Colorado Rockies owner Dick Monfort made a last-ditch effort to retain Walt Weiss as manager at the end of the season, according to Jon Heyman of Today's Knuckleball.
Weiss, whose strained relationship with general manager Jeff Bridich got to the point where it "wasn't healthy or productive," per Patrick Saunders of The Denver Post, reportedly told Monfort something to the effect of "there's no way we can go on like this," Heyman noted. Monfort, somewhat surprisingly, didn't intervene much beyond that and ultimately sided with Bridich and his desire to move on from Weiss.
More from Heyman:
[Weiss] was originally the surprise untested choice of former GM Dan O'Dowd but people around the situation say he never was able to form a bond with Bridich, who by the end was mostly communicating through pitching coaches Steve Foster and Darren Holmes, people say. Patrick Saunders of the Denver Post first mentioned the Weiss-Bridich relationship as a potential reason Weiss may not make it back for 2017, and that proved correct. "They never got along," one Rockies person said. Weiss has suggested to people he was unnecessarily kept out of the loop on what went on with the Rockies, which wouldn't make him unique as a manger, though such a belief of non-inclusion certainly can hurt such a relationship.
One of the things Weiss was disappointed in was the Rockies' failure to acquire shortstop Zack Cozart from the Cincinnati Reds after Trevor Story was lost for the season, per Heyman. Cozart, who hit .252/.308/.425 while playing well-above-average defense in 2016, was nearly acquired by the Seattle Mariners at the deadline and ended up a potential waiver trade candidate but never moved.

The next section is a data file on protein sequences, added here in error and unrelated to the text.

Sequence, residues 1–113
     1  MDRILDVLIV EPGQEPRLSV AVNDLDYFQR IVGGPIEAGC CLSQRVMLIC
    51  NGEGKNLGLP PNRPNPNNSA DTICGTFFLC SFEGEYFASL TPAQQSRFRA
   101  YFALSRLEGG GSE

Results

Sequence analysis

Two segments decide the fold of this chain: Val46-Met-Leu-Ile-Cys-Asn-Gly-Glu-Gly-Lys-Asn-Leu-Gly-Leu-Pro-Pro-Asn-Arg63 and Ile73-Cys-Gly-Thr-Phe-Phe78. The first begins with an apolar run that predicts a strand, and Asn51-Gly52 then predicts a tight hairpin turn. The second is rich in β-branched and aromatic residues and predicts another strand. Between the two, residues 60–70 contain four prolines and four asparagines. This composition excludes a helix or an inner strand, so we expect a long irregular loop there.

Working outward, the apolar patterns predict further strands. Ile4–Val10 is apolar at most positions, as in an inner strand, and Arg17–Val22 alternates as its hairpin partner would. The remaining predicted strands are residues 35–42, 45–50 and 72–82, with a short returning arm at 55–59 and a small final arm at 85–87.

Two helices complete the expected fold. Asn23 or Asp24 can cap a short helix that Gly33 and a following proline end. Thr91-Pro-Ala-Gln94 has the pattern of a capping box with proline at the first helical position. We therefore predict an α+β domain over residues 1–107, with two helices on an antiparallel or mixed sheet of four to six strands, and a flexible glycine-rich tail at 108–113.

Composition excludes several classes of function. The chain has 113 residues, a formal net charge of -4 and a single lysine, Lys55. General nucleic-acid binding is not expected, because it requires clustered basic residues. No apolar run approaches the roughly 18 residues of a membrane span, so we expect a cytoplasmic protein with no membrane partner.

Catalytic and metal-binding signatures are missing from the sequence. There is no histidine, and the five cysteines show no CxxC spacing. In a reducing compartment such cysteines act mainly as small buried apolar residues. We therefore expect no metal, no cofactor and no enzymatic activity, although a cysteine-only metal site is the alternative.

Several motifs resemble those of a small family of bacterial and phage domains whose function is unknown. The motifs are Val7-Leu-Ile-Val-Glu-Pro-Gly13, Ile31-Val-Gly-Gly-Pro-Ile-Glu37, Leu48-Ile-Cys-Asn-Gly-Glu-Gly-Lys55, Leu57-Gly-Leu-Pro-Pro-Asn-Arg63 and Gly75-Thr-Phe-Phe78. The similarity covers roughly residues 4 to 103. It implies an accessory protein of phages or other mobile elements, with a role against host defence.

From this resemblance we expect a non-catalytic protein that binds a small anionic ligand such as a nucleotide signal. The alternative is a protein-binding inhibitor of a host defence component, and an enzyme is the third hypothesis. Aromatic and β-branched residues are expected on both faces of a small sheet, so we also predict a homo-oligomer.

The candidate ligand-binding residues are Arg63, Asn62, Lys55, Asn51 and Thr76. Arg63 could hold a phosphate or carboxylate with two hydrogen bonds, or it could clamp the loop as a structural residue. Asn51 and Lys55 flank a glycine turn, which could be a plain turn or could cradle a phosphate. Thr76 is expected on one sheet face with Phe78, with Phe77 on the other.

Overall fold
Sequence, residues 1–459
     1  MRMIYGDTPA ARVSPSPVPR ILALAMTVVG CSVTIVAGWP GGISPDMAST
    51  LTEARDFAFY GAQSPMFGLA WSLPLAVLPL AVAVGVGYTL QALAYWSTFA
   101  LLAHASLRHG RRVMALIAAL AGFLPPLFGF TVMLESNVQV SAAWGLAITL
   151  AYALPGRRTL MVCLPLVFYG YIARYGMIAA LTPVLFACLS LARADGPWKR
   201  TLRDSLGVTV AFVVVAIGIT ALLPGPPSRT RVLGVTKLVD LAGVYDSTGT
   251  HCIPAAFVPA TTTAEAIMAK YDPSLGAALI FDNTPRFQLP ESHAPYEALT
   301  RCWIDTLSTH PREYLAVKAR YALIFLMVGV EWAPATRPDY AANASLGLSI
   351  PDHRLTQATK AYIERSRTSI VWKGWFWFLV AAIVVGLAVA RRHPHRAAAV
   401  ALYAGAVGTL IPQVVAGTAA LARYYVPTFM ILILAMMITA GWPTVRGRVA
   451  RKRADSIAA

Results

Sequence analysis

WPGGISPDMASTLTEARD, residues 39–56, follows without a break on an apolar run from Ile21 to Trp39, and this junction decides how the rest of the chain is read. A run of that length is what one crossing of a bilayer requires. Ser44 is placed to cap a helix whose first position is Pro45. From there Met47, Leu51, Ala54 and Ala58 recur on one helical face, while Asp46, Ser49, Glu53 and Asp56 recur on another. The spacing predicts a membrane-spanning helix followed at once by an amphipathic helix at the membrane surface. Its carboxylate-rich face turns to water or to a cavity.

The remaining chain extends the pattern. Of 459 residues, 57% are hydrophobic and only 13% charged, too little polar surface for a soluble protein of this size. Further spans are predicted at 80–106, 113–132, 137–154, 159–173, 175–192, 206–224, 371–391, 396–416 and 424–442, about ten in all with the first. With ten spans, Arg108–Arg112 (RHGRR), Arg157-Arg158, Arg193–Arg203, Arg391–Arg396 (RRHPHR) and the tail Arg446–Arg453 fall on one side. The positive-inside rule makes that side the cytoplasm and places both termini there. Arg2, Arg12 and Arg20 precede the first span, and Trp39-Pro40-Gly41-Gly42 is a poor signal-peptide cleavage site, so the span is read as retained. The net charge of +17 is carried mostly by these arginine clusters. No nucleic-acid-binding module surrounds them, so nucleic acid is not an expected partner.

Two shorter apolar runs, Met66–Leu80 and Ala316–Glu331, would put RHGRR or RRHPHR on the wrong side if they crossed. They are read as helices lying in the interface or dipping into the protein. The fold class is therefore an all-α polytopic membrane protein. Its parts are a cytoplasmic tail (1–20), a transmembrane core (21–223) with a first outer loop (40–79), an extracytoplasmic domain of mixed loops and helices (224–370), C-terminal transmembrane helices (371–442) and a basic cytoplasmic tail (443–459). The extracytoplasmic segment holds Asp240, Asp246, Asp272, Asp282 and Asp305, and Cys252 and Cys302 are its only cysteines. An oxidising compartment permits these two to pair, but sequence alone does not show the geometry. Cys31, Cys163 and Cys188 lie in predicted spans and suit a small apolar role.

There are two big takeaways from Heyman's report. First, this should be considered another feather in the autonomy cap for Bridich. If it was up to Monfort, there's a good chance everyone in the organization would be retained year after year regardless of performance. The club's decision on Weiss aligns with the Tulo trade -- as well as Bridich's assertion that he will have no constraints from ownership when it comes to hiring a new manager -- in terms of examples suggesting who really runs the baseball side of the show at 20th and Blake.
Second, Bridich clearly wants to hire a manager whose vision matches his. Given the Harvard grad's efforts in building the club's analytical department, insistence on employing shifts, and other things of non-traditional nature, it could very well be that Bridich isn't full of it when he says that the team will consider external options. That's especially clear when looking at the potential in-house options, most of whom fit a more traditional mold than perhaps Bridich would like.
One thing is for sure: now, more than ever, it appears there's a new sheriff in town. This should excite you.